That’s entertainment: “I like theme parties because it shakes up the norm,” says Griscom. “People will let their hair down more when they are sitting on pillows.” She likes to keep the guest list to about 80. “You don’t want it to become a charity event,” says Griscom. Inspirations can come from her travels – she’d been to Morocco several times before reliving the experience on her lawn. And sometimes, all it takes is a tent. “A friend has these embroidered tents from India. I may pitch them and get some sisal flooring and fans and have some kind of Asian-inspired party this summer. I’m still experimenting, though. I have this one with salmon-colored mosquito netting that I have pitched. I just might keep it up for the summer for my own family to eat in. I could see a really interesting Chinese lantern and this could lead to a party idea.”

Lives of the party: Felix Rohatyn, Ahmet Ertegun, Alfonse D’Amato, Patricia Duff, Jay McInerney, Vera Wang, Billy Norwich, Matt Lauer, and many, many, many others. “Nina is the only Park Avenue hostess I know whose world extends way beyond the 10021 zip code,” says Jay McInerney. “Whether I’ve been invited for Sunday dinner in the kitchen or a grand soirée for 7,000 of her closest friends, I always approach her parties with a keen sense of anticipation and I always leave them very reluctantly.”

“My favorite guests are Ahmet Ertegun and Alfonse D’Amato,” says Griscom. “They’re fun, they enjoy themselves, and they’re game for anything. Plus they’ll dance; a lot of these guys don’t.”

Affairs to remember: Her Moroccan party three summers back featured belly dancers and carpets borrowed from their Park Avenue apartment. As a near-hurricane raged outside, almost blowing down the tent, shirtless waiters in fezzes served drinks. Her Cuban-themed affair last summer featured a flock of live parrots under the tent – though, wisely, not positioned directly over the diners. Designer Vera Wang, for one, was swept away by the experience. “Her husband comes in looking like Che Guevara,” says Wang. “Dr. Baker! He had this black beret on, green army fatigues, and a big mustache. He was so seductive. I said I’d follow him anywhere. Someone from Women’s Wear Daily must have overheard. And they printed it!”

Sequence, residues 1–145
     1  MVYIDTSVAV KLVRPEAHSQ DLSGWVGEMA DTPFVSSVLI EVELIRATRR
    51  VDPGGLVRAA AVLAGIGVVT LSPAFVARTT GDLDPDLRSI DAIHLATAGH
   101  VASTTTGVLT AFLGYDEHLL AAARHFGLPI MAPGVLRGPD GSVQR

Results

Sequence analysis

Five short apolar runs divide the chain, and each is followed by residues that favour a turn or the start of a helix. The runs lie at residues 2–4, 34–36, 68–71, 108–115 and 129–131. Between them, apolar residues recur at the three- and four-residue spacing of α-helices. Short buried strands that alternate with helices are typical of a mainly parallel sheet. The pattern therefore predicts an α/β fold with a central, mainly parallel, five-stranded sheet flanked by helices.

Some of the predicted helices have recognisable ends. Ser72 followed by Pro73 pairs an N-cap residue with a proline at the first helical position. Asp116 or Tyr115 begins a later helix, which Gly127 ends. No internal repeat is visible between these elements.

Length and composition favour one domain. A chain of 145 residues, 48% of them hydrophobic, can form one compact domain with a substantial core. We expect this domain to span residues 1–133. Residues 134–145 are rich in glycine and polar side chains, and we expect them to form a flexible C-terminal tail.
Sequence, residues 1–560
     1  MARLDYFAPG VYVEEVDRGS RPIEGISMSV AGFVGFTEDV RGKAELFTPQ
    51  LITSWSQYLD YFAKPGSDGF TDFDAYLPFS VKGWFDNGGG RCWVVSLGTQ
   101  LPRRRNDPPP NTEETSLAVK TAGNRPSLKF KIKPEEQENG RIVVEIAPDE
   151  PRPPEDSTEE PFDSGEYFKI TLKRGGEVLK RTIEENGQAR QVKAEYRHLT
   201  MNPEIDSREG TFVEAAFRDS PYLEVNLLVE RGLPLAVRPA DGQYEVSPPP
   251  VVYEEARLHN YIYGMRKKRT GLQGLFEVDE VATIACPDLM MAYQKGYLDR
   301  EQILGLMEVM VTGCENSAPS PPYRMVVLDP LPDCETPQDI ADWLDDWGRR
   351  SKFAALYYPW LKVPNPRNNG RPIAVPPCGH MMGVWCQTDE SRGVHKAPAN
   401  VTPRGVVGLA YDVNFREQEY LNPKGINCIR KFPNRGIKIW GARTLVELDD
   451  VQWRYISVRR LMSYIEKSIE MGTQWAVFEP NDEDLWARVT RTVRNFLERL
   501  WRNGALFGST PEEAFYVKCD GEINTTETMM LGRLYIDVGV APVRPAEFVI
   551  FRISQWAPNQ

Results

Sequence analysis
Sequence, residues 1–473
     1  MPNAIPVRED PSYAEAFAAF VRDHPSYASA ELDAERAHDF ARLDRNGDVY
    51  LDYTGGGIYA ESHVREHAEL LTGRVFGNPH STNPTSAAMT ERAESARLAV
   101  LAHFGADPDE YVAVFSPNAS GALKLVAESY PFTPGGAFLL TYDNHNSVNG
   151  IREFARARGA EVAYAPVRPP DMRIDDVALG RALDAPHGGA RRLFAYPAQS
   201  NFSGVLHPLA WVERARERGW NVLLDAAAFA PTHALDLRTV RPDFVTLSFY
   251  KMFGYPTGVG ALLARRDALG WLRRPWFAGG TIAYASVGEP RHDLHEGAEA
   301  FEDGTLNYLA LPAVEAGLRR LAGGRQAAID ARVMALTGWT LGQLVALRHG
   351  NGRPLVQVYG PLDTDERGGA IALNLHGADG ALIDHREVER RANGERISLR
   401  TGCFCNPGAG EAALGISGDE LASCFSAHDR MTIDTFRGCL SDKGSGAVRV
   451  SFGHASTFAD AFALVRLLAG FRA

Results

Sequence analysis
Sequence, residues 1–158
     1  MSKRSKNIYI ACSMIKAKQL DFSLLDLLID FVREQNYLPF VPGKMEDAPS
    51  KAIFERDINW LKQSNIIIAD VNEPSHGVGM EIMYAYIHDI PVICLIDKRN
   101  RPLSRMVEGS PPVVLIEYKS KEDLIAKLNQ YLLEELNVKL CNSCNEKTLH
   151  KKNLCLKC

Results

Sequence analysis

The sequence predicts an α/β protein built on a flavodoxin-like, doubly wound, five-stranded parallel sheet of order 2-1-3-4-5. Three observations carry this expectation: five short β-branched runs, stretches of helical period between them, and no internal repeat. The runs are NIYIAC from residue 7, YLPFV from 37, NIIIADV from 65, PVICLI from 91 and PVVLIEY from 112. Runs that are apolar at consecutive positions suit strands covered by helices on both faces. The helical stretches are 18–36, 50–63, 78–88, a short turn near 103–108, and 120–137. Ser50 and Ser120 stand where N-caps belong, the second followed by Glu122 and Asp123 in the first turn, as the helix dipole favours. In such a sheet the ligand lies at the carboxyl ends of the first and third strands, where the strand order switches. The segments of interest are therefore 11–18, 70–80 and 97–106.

Jonathan Adler and Simon Doonan
Potter and Barneys New York creative director

Simon Doonan’s madcap tableaux in Barneys’ windows often made passersby laugh out loud. Jonathan Adler’s home furnishings, on display at his store on Broome Street and a new one in East Hampton, are more subtly witty. But dinner at the apartment they share on East 9th Street demonstrates that their creative skills extend far beyond pottery and mannequins – although not, it must be reported, into the kitchen.

That’s entertainment: The whimsicality that Doonan and Adler bring to their professional lives is given freer – much freer – rein at home. “We entertain like college kids,” Adler says. “We don’t really cook. Simon leans toward almost a macrobiotic diet, unintentionally, when he cooks. And I think it tastes like dirt, so we don’t cook that much. It’s always takeout from Cafe Spice, Japonica, and fried chicken from Mama’s Food Kitchen. Then we spread it out in front of the television.” TV, though, isn’t the real centerpiece at a Doonan-Adler fête. “They’re both so funny,” says Talk contributor and noted hostess Nell Campbell. “A witty person complements anybody. But to have two funny people together, I mean, you’ve won the lottery.”